I love the intensity of the colour.  These plants have doubled in size since I potted them on.  I am interested to see on the Plant me Now website that reviews are accumulating and that they overwhelmingly endorse my own experience of the quality of the plants and of the service.  This is just my own opinion, not an advert by the way.  I was provided with the plants to review but I only ever do reviews that allow me to say exactly what I think!

The other thing which is on my mind and in my kitchen by the bucketload is tomatoes!

We may have lost hold of the outside  garden this year but the greenhouse is overflowing with tomatoes and cucumbers. The yellow tomatoes are Golden Sunrise.  They look as if they might not be quite ripe but they surprise with the intensity and sweetness of their flavour.  The little ones are the old favourite, Gardener's Delight.  They are like sweets, bursting with flavour in your mouth, almost fizzing like a sherbet dip.  They are fabulous just eaten as they are but we have had so many tomatoes I have been making a tomato sauce for pasta to go into the freezer.  This is really easy and deeply flavoursome.
Take a kilo of tomatoes and skin them.   I used to try to persuade myself that it didn't matter whether tomatoes are skinned or not and in many recipes it doesn't but in this one it really does.  Skinning tomatoes is extremely easy.  Cut a little cross in the base of the tomato with a sharp knife, put them all in a heat proof bowl and cover them with boiling water.  Leave them for about ten minutes and then take each one out on a slotted spoon and remove the skin with your fingers.

Chop the skinned tomatoes, season them with salt and pepper and cook them gently in a little olive oil.

Add about a tablespoon of tomato puree, a tablespoon or so of soft brown sugar, a handful of chopped oregano and a glass of red wine.  Simmer it gently until it is thick and glossy.  When the sauce is cool, freeze it in blocks (we use old ice cream boxes).  It makes a perfect base for a tomatoey pasta dish.  When you defrost it, chop and gently fry  a couple of cloves of garlic and add it to the sauce.  If you put the garlic in at the beginning and freeze the sauce with the garlic in it, the garlic seems to go musty.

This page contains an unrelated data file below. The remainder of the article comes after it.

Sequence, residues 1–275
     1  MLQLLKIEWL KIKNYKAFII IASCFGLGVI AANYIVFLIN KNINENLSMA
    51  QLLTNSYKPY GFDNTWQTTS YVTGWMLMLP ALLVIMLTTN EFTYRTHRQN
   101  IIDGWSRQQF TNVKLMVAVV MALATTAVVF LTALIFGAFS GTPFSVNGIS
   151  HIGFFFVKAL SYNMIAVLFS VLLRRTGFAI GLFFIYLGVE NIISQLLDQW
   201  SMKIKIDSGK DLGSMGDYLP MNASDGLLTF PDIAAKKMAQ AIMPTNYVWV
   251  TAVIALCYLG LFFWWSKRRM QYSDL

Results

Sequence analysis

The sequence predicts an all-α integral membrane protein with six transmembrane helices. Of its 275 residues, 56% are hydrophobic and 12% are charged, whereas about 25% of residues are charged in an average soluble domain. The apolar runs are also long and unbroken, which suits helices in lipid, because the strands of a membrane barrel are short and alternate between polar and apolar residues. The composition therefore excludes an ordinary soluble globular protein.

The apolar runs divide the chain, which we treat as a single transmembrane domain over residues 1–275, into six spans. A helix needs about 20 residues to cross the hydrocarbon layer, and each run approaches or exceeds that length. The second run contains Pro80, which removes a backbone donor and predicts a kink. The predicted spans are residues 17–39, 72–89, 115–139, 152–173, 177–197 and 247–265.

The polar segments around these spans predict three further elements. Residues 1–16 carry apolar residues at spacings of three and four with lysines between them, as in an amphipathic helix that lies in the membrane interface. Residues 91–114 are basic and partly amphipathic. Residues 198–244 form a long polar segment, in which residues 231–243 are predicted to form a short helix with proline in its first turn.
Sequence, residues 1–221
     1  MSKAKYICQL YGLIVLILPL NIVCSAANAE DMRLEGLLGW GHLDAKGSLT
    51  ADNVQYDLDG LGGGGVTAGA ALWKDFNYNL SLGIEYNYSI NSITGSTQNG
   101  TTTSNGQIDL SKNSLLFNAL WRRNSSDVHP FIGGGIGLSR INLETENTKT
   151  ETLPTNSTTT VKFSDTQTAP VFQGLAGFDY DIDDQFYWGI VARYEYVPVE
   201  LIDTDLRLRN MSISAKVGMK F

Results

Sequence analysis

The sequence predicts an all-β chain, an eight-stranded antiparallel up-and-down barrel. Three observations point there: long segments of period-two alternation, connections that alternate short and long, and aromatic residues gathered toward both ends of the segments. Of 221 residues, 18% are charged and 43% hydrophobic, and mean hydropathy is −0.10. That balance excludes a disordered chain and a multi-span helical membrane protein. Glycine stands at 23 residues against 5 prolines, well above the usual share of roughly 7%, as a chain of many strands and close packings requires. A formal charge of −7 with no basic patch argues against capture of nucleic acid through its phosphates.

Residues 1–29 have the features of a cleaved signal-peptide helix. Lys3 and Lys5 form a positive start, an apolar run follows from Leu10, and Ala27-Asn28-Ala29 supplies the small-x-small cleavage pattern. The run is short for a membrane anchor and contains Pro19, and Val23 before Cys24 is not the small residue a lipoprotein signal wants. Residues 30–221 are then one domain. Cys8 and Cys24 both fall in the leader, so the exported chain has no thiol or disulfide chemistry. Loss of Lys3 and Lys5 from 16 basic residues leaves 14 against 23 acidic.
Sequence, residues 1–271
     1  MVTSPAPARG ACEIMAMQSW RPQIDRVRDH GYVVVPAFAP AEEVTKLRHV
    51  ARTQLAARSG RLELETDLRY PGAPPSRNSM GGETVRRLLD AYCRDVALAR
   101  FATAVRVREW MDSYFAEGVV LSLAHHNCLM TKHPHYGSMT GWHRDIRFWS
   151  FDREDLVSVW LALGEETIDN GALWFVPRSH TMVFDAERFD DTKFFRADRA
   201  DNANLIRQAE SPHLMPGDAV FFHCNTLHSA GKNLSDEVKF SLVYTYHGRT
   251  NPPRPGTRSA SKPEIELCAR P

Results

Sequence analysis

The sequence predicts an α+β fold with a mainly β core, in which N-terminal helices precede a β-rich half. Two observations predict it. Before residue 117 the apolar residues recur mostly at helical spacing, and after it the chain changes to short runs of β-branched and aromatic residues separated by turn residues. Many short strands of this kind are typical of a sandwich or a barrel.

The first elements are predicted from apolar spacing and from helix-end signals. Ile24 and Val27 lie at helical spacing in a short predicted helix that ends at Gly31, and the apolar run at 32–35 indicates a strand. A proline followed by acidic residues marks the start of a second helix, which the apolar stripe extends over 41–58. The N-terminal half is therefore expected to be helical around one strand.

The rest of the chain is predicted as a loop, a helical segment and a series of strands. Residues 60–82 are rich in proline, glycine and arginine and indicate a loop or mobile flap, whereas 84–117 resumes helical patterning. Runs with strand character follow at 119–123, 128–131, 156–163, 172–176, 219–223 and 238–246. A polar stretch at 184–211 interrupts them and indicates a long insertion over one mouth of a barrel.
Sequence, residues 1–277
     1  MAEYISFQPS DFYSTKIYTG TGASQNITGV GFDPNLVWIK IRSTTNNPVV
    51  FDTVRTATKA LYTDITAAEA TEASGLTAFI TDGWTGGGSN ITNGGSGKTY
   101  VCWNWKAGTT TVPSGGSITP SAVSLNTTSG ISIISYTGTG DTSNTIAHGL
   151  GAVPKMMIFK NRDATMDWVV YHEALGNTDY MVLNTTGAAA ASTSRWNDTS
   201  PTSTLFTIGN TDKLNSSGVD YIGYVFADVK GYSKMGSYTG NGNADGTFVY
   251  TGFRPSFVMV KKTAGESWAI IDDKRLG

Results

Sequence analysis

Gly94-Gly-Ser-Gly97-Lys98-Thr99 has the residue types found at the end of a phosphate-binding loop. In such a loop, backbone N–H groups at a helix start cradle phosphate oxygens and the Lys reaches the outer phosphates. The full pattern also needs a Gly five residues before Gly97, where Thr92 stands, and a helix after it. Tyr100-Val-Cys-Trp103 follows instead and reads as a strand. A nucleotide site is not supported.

What an abundance of colour and taste  there seems to be just now.

Friday, 19 September 2014


I have been wandering about through my September photographs.  2009 seems to have been a great season for mushrooms in our garden.  It's interesting how the harvests vary from year to year and how easy it is to forget.  This year is the season of damsons and tons and tons of autumn raspberries.

In September 2010 I find we were visiting our friends in Provence, driving through the Camargue and wandering the glorious stone buildings of Avignon.  I find bulls and white horses and stone streets and a brightness of light that is rare here in North Wales.

In September 2011 our then nearly two year old grandson was busy playing trains.  What has changed?  He and his family have moved house and acquired land and pigs and he has grown tall and gone to school.   He still likes trains as a nearly five year old but the trainlines have become extraordinarily complex!

Oh look, in 2012 I went to Nant Gwrtheyrn, the Welsh language centre on the beautiful Lleyn peninsula, and did a week's intensive Welsh course.  My Welsh has been neglected over the last year with other family commitments.  I must revive it.  Perhaps another visit would be the shot in the arm it needs!

In 2013 the dahlias were glorious.  I left them in the ground for the winter for the first time ever and was gloomy in the spring when nothing seemed to show for a very long time.  Then suddenly in the summer the dahlias sprang into life just when I had entirely given them up.  Now we just need a long, warm autumn.  I have buds but no flowers.  Are we too high and too far North to leave it so long?

This September comes around without my mother and my father in law.  How life changes.  And yet how life goes on, as this year we have new babies, ten month old Eliza, represented by the little Elizabeth Zimmerman jacket, and three week old Ted, represented by the Debbie Bliss crossover cardigan.  I have just had a big birthday.